Friday, August 14, 2020

Conclave of Shadows by Raymond E. Feist is a clever retelling of The Count of Monte Cristo.

I've been reading Raymond E. Feist's Conclave of Shadows trilogy. I'm in the second book, called King of Foxes, but something was bugging me as I was reading this clever yarn told in a fantasy world. And then I figured it out: it's a retelling of The Count of Monte Cristo by Alexandre Dumas. Most of you out there are probably familiar with The Count of Monte Cristo. It's a fascinating tale wherein a man is wronged and sets out to avenge himself against those who falsely imprisoned him. The way in which he does this is a fascinating story with a Rube Goldbergian level of intricacy designed to bring ruin upon his enemies. While in prison he becomes super educated, being fortunate enough to make friends with a monk who essentially knows everything, and then he fakes his own death when his monk friend dies (so that he can be thrown out with the body bag). Along the way, he picks up a super loyal and very skilled follower named Jacopo (a former pirate), and then they get lots of funding via a fabulous pirate horde, and then the main character is reborn as the Count of Monte Cristo in order to ingratiate himself to the nobility of Paris, which becomes the perfect place for him to slow cook his revenge. How could you not like this story?

What Feist has done in his Conclave of Shadows trilogy is displace this story into the fantasy world of most of his novels (called Midkemia). There, a boy named Talon of the Silver Hawk is not imprisoned per se (like The Count of Monte Cristo character), however, he is reborn when his village is annihilated by some callous nobles who found his people to be "in the way" of their geographical goals. Left for dead, he is revived by members of a powerful and secret society with super deep pockets (think endless money) who educate him in all the same ways as Edmond Dantes goes through in The Count of Monte Cristo. He becomes a superb fencer, learns several different languages, and is firmly ensconced in a city called Roldem, which is just a city a stand-in for medieval Paris. The Conclave of Shadows gave this young man a new identity, calling him Tal Hawkins, and he is a new noble having come from the West. He promptly makes a name for himself by winning the Master's Sword Tournament (a very prestigious title), and he beds lots of noble women who find him very attractive. And then he gets a man servant who is an assassin, named Amafi, who is as loyal as Jacopo ever was to Edmond Dantes. Of course, he trains this agent of his to be his valet while he moves the pieces on the board to plot his revenge.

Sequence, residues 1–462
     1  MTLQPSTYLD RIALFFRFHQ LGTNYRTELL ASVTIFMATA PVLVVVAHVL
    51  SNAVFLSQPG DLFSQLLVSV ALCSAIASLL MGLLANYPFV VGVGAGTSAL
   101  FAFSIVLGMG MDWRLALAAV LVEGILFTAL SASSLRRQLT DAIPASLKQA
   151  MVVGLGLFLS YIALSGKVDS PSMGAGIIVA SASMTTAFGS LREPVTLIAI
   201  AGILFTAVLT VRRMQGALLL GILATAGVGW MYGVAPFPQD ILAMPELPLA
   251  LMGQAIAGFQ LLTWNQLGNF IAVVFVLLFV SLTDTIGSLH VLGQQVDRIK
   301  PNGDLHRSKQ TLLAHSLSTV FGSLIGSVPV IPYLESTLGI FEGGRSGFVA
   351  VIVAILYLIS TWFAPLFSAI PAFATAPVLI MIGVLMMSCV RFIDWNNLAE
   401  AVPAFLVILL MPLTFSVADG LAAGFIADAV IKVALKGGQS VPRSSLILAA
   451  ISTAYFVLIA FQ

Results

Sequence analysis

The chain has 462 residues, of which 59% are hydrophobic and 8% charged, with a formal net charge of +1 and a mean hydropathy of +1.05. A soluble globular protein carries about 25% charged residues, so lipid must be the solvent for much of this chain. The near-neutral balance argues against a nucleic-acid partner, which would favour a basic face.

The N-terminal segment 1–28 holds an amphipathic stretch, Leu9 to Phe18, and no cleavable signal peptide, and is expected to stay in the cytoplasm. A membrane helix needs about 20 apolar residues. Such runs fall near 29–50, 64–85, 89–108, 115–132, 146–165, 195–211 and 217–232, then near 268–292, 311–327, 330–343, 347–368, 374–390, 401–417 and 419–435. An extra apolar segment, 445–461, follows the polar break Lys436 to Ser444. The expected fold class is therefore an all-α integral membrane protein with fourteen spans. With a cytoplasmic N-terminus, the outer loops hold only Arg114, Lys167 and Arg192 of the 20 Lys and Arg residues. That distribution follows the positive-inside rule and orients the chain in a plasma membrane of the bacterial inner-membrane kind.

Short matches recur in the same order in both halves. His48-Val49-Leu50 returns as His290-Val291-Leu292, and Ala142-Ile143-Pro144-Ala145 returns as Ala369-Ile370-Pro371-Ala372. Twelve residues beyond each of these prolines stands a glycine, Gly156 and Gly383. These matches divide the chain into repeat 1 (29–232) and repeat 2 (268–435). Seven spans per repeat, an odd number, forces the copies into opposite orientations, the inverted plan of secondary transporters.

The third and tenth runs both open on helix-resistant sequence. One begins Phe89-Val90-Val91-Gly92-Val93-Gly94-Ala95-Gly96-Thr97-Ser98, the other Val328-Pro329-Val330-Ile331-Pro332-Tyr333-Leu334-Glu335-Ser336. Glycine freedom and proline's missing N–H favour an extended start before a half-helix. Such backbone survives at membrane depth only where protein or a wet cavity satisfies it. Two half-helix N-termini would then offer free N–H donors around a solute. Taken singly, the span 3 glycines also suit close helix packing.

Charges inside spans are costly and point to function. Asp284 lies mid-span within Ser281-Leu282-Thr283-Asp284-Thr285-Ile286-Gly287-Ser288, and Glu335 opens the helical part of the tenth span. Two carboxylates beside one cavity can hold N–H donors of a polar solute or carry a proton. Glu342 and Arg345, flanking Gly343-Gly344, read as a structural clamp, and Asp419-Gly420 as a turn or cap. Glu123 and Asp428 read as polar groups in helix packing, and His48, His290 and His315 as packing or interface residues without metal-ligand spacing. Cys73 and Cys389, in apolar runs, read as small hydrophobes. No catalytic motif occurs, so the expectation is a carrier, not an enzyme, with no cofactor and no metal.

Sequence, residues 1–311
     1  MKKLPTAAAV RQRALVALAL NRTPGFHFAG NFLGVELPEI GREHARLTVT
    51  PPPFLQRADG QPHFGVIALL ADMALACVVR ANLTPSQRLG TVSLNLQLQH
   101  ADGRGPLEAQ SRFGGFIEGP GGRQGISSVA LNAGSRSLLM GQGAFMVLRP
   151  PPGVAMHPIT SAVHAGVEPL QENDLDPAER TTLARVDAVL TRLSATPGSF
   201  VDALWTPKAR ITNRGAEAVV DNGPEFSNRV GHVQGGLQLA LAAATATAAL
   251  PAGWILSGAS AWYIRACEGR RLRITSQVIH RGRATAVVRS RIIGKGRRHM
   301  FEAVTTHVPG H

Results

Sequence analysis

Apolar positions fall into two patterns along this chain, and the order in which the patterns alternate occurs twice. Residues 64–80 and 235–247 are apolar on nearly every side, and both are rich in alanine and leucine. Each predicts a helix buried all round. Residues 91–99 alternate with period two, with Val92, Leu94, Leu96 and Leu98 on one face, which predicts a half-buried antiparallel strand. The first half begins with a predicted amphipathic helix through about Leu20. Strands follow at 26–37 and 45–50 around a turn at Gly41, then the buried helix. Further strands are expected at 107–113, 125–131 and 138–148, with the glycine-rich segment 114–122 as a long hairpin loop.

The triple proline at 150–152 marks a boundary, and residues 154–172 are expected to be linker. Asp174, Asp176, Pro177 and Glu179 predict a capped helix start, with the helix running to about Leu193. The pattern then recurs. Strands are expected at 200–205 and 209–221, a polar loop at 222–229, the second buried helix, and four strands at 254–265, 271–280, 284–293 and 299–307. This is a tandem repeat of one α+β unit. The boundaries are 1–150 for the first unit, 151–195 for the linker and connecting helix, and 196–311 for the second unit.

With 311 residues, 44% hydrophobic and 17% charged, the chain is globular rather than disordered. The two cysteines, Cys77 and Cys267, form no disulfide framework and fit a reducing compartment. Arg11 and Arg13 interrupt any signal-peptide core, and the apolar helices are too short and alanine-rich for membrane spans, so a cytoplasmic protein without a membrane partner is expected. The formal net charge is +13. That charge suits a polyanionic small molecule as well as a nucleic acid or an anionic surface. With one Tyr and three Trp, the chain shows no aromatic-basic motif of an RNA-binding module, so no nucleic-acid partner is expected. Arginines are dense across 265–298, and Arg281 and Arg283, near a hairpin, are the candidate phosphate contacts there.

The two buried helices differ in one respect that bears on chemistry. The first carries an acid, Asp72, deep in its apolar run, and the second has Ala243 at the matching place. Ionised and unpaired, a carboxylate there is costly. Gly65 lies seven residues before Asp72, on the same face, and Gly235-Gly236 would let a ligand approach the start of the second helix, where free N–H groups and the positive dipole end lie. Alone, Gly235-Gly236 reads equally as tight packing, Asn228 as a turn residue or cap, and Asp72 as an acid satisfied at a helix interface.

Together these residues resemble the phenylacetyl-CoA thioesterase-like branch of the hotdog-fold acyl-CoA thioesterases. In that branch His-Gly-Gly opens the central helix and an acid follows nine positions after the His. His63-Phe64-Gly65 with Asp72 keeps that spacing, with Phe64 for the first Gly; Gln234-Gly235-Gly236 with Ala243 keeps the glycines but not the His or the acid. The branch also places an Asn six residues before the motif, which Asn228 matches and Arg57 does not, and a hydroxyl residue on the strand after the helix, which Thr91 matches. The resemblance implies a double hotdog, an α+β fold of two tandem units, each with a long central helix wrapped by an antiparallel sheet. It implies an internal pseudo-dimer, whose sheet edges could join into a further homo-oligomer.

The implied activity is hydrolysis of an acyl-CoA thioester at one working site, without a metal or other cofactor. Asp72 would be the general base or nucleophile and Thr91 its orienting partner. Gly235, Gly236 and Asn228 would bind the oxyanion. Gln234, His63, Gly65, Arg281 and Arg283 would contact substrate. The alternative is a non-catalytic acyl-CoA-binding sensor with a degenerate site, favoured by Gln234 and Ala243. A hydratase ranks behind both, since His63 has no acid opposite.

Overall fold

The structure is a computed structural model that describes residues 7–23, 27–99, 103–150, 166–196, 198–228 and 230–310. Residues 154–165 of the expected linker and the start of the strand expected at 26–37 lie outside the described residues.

The revenge element begins with young Tal Hawkins attracting the eye (and thusly being recruited by) the very noble who was responsible for his village's death. And Tal doesn't just want to kill this duke. No, he wants to humiliate him, to bring about his ruin so that as/when the duke dies, he knows exactly why this is happening and who it is that is bringing about his ruin. And just like in the Count of Monte Cristo, his method of taking down his enemies by understanding their character and circumstances and bringing them to utter ruin through a few carefully chosen actions is incredible to witness. It really is a delight to read seeing as 1) I'm familiar with the story, and 2) it is one of my favorites, and 3) the sleight "magical" elements in the book change it up enough to heighten the tension in odd ways.

I'm actually quite surprised to see a fantasy novel mine classical literature like The Count of Monte Cristo. The main themes of revenge, love, culpability, greed, and ambition are all there, and they are treated in a way that does not allow easy answers. And it's a novel where the main character, this Tal Hawkins, is quite likeable not only because he is good, but because he is also evil. He is both the hero and the villain of the story, and that's just really interesting. 


  1. All I know about The Count of Monte Cristo comes from a skit on The Simpsons. Is that where the sandwich came from? 😬

  2. @P.T.: LOL, no. I'm not sure how the Monte Cristo sandwich got its name. Also, I think you'd enjoy the book.

    1. I've never really read any of that old French stuff. It wasn't ever anything we covered in school.

  3. The thing about revenge is it takes over one's life, and they don't get to do wonderful things with their own life if they're focused on making someone else miserable. But that's just me. I'm sure it's a lovely book series.